November 7, 2011 / 7:52 PM / 8 years ago

How not to time the market

(Reuters) - When the Dow Jones Industrial Average falls, rises, and falls again by triple digits, and when August’s outflow of nearly $40 billion from equity mutual funds was the largest since October 2008, it’s tempting for even experienced investors to flee the stock market.

That could have been the right strategy if you were not appropriately invested, but horrible if you were trying to time the market. Why? You can’t be sure when stock prices reach their lows or highs for any market cycle - or how much it would matter to have remained out when prices hit either.

Consider, for example, an analysis by T Rowe Price, based on the S&P 500, a popular benchmark for measuring the performance of the stock market: If you could have been fully invested in the index from December 31, 1995 to December 31, 2010, your annual return would have averaged 6.76 percent based only on the 500 stocks’ prices - that is, excluding their reinvested dividends (which are included in total returns).

If you had missed being in stocks on the market’s 10 best days of those 15 years, your average annual return would have only been 1.93 percent. If you had missed the 20 best days, your average annual return would have been minus 1.19 percent.

On the other hand, consider the findings of a Vanguard research paper, which looked at S&P returns (averaging 5 percent annually and also excluding reinvested dividends) during a much longer period, 1928-2008. Missing either the 20 worst or the 20 best trading days in the 81-year period would have increased or decreased an investor’s overall return by approximately 50 percent, the report says.

For a real-life example of the risks and rewards inherent in being in or out of the market in a single year, consider the experience of Dr. Rajendra Prasad, a Long Beach, California-based doctor, who started the Prasad Growth Fund in 1998 and guided the fund in 2008, a recession year, to number one of 432 funds in the small-cap growth fund category at Lipper, a Thomson Reuters company.

He credits his market timing, as well as stock selection, strategies for achieving the total return of minus 7.4 percent that year, which was good enough to beat the S&P 500’s minus 37.0 percent and Russell 2000 (Small-Cap) Growth Index’s minus 38.5 percent by a country mile.

All of this, unfortunately, was a remote memory when the fund’s latest fiscal year ended last March 31, with a total return of minus 37.5 percent, dropping to the bottom of its Lipper peer group, while Russell’s index was up 31.0 percent and the S&P 500, 15.7 percent.

“I had been subscribing to a number of newsletters written by some prominent financial gurus,” Dr. Prasad reported to shareholders. “Many of them were forecasting a crash of the market...following the crash of 2008... Because of this, I was positioned for an imminent crash... It did not happen in 2010.”

In an email exchange, he recalls “repeatedly” taking losses not only in stocks but also in both put options and, perhaps more importantly, certain types of exchange-traded funds (ETFs), in which he had invested “based on the negativity the newsletters were indicating.”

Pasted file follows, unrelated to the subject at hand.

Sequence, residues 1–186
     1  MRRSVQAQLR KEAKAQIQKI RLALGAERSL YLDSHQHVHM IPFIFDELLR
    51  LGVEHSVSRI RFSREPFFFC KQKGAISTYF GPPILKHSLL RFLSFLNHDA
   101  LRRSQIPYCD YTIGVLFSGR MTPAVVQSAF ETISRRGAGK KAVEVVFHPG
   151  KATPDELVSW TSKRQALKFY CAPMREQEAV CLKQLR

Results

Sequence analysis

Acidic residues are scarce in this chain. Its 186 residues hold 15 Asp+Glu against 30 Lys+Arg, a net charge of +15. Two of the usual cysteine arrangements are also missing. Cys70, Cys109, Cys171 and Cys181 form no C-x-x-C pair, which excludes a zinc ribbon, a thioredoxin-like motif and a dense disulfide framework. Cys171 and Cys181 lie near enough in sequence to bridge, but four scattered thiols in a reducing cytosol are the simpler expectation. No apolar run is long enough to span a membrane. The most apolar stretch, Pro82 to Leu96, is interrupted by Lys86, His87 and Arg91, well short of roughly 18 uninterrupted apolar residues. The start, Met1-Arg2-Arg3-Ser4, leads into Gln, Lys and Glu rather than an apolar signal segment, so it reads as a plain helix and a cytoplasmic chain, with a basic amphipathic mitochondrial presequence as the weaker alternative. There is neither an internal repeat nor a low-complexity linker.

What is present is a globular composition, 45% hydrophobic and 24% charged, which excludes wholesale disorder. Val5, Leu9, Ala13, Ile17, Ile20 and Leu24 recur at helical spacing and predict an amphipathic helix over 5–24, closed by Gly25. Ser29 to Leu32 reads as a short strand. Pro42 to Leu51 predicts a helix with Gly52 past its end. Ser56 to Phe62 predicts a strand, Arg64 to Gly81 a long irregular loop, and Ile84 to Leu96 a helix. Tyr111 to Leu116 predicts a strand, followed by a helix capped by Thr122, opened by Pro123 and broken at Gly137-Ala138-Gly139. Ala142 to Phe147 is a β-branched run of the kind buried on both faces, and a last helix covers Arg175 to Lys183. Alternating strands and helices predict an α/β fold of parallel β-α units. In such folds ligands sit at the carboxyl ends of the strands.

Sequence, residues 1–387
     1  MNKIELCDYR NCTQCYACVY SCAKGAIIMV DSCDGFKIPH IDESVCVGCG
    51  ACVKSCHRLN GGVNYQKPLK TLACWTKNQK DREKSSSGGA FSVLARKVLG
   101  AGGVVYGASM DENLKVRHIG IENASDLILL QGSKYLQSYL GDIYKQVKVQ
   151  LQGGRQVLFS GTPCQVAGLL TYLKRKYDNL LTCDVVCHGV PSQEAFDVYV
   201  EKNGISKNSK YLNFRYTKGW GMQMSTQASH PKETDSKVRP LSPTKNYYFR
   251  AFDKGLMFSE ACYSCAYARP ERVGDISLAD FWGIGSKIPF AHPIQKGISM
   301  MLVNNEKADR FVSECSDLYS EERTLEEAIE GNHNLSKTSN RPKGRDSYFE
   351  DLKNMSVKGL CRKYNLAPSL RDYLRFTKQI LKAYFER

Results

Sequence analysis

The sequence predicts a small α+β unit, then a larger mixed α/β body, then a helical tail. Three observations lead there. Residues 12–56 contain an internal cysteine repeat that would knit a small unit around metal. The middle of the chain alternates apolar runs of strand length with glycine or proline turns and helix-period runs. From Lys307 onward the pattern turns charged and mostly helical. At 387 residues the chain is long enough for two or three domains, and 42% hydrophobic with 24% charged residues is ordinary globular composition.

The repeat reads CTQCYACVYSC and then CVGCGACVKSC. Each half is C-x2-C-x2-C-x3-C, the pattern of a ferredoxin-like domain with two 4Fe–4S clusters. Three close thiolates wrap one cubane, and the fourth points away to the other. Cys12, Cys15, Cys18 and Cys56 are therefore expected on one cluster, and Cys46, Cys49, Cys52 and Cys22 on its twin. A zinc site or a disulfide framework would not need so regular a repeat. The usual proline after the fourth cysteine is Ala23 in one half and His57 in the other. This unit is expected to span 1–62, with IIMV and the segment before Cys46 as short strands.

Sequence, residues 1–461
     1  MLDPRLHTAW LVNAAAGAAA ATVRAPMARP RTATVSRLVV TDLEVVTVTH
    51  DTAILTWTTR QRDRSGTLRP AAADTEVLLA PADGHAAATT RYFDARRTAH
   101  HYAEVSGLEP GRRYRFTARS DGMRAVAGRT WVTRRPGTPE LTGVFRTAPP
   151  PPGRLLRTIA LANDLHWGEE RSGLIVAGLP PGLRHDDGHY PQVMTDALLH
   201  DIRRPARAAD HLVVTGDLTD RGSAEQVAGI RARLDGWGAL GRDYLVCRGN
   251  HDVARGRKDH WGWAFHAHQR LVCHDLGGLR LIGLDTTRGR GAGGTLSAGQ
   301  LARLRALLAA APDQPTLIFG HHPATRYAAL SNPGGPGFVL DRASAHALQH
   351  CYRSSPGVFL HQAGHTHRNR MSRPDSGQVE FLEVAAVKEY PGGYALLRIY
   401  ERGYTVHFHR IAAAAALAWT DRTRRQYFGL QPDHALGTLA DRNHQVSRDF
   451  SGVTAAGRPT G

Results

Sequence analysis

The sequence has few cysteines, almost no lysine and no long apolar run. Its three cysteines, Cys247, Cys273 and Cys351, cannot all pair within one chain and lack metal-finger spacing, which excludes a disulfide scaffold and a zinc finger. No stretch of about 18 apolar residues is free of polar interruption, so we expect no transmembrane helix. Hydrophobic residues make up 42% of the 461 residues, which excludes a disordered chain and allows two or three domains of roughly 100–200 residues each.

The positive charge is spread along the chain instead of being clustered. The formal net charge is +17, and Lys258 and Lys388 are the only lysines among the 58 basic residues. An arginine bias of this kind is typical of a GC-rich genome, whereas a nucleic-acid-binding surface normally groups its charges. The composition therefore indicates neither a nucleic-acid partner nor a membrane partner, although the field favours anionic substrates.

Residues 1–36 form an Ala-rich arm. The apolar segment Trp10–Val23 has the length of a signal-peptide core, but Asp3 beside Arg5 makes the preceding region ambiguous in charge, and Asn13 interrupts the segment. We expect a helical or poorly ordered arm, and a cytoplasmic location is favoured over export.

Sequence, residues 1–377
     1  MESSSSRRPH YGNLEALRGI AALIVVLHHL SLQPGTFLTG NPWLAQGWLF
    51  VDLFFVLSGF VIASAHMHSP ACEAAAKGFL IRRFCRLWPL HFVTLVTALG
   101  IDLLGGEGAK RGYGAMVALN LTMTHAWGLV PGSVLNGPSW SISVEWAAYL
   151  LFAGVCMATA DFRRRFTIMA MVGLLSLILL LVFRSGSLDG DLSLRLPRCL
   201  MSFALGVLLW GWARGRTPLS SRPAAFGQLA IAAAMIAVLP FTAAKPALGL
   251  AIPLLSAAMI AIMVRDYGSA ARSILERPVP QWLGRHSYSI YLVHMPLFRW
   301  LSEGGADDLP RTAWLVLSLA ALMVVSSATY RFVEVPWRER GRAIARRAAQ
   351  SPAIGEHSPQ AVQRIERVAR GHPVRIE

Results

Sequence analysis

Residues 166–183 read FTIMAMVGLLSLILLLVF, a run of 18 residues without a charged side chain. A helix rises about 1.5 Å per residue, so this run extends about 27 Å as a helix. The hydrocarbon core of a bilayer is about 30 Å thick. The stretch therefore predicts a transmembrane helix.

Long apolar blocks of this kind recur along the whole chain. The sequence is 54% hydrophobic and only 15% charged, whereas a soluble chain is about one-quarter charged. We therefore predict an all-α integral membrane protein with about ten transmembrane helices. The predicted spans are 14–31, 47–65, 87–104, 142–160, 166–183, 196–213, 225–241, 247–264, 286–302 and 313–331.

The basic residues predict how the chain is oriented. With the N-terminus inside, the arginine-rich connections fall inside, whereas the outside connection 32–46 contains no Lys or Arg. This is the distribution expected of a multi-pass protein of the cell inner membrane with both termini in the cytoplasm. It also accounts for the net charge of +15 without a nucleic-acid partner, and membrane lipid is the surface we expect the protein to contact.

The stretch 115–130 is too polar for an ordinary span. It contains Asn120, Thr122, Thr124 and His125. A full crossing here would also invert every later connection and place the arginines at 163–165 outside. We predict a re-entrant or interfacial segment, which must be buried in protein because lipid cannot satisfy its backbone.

If you were to temporarily unbalance a balanced long-term portfolio by leaving well-researched equity funds for these ETFs, which offer prospects for making money in a bear market, you could be accepting a much larger potential risk than by just finding refuge from stocks in a money market mutual fund.

Whether you’re an individual temporarily unbalancing a balanced long-term portfolio by dumping equity funds or an actively trading portfolio manager reducing a fund’s exposure to the stock market, moving to these ETFs, which offer prospects for making money in a bear market, is, naturally, more risky than the alternative of a money market mutual fund.

Unlike traditional ETFs, which resemble mutual funds, the newer “inverse ETFs” and “leveraged inverse ETFs” meet their investment objectives by going up when stock indexes which they track go down, as Dr. Prasad had expected in 2000 - or go down when, as happened to him in 2000, the market goes up.

An inverse ETF targeting the S&P 500 should go up 1 percent on a day when the index goes down 1 percent, and vice versa.

A leveraged inverse ETF is managed to achieve a multiple - say, double or triple - of the opposite of an index’s performance. Thus, a fund which would go up 2 percent on a day when the 500 falls 1 percent would fall 2 percent when the 500 rises 1 percent.

It is critically important to remember that these ETFs are managed to meet their investment objectives within one day and, therefore, must be closely watched. "The lesson? Leverage kills," says Dan Wiener, who edits The Independent Adviser for Vanguard Investors (see "For the individual investor it strikes me that the growing interest in and availability of leveraged ETFs is where they can go wrong." So in making bets on or against bonds, stocks and commodities, take heed: "If you get on the wrong side of the bet, you can get in trouble."

You could suffer truly huge losses if you hold these ETFs longer than one day. That, after all, is what they are managed for.


The author is a Reuters contributor. The opinions expressed are his own.

Additional reporting by Lou Carlozo. Editing by Lauren Young and Beth Gladstone.

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